These properties were classified on a ranked scale of I, II, or III, or unranked. Though not currently ranked as historic properties, the sites listed on the HRI are eligible to become designated historic sites. As a result, ranked properties are subject to some minimal protections, including a 120-day demolition delay. Unranked properties are exempt from this requirement.

Non-designated or Non-contributing

  • Historical Significance: None
  • Level of Government: Local
  • Protection Regulations: None

Sites in historic districts but not considered to be contributing homes are not subject to historical preservation regulations. There are, however, 35-day demolition delays and deconstruction requirements for homes built before 1916, regulations that apply in all residential zones in the city. 

What are the regulations for remodeling homes in Historic Districts?

Because the goal of preserving Portland Historic Districts is to maintain the visual aesthetic, remodeling in one of these areas requires a well-planned design. 

In most cases, historic preservation regulations apply only to the exterior street-facing sides of the home. So, if you’re planning a remodel, you’ll automatically save yourself a lot of time and money by not altering that side. Houses on street corners become a little more complicated in this regard since they have 2 street sides. 

There are several factors that decide what is and is not possible when you remodel a home in the Historic Districts of Portland. Below are four of the most common design elements that may come under scrutiny during Historic Resource Review.

Portland’s Cobb House, noted for its distinct Jacobethan Architectural Style


One of the first considerations you’ll need to address when planning a remodel in a regulated district is the home’s architecture. If the home is a contributing property, changes to the exterior of the home must remain consistent with the district’s period of historical significance. 

This means that any additions, accessory dwelling units, or repairs must match the architectural style of the home’s original construction. So, if you live in a Victorian style-home in Portland’s Irvington Neighborhood, any addition to the home must also be in the Victorian architectural style.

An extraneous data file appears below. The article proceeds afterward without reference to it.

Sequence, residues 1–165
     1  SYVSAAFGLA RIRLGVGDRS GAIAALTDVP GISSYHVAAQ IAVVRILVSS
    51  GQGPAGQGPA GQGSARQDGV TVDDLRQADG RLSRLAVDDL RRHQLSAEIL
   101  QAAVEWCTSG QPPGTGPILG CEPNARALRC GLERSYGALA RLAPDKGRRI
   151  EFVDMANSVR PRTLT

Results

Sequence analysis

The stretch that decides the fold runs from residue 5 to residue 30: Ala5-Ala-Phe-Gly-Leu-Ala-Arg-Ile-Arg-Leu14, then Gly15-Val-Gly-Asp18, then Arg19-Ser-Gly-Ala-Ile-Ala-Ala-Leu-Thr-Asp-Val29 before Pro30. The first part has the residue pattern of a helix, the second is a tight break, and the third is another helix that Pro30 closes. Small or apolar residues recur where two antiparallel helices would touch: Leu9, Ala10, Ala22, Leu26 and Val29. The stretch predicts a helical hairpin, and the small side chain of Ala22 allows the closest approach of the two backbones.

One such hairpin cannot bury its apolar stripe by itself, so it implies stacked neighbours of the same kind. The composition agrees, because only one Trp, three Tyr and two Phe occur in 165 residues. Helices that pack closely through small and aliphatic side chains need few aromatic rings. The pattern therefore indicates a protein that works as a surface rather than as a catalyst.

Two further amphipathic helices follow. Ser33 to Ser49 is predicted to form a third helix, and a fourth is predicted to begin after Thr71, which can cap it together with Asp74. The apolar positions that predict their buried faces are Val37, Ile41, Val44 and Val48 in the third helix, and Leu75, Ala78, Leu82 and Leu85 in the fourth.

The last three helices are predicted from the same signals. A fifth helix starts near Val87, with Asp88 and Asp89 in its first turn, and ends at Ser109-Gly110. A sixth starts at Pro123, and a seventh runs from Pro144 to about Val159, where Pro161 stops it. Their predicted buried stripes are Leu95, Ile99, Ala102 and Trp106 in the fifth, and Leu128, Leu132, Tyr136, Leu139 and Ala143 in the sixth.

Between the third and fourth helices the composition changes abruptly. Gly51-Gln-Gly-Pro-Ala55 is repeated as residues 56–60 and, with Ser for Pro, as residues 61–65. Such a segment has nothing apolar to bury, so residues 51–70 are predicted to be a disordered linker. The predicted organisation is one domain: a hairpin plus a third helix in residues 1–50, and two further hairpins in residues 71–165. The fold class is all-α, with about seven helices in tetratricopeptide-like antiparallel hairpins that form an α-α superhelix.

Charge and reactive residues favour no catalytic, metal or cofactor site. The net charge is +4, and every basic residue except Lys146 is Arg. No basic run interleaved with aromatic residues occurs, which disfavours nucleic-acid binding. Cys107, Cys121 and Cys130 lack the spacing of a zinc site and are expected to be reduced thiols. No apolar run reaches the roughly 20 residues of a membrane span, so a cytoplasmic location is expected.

A home’s roof is closely related to its architectural style, and changes in the roof structure can affect the entire home’s historical accuracy. Homeowners often explore the possibility of adding space to their homes by adding a dormer or raising it and adding a second story entirely.

While these remodel options are certainly possible, there are limitations on the degree to which they can be done in the Historic Districts of Portland. Keep in mind that changes that alter the home’s historical accuracy will likely be struck down during the Historic Resource Review. 

Additions to the home’s structure must have a proper tie-in design so that the new roof structure matches the old. For ADUs, the roof must follow similar style guidelines as the main structure. 

Simply re-roofing a home does not typically require prior authorization from city officials, as long as the new material matches the old. However, changing roofing material or adding solar panels to a home requires that the changes first go through Historic Resource Review, as well.


Historic windows are often a challenge to replace.

One of the most challenging and expensive regulations relating to remodeling in Portland Historic Districts is the replacement of windows. Since most windows in the early 19th century were wood-framed, single-pane windows, replacing them can be difficult and expensive.

Among the different types of windows, wood windows are some of the costliest and most difficult to maintain. And that’s if you can get permission to replace the original windows in the first place. City regulations are extremely strict on removing the original windows from historic homes. This can place some hardship on homeowners due to the lack of energy efficiency among windows made in the 20th century.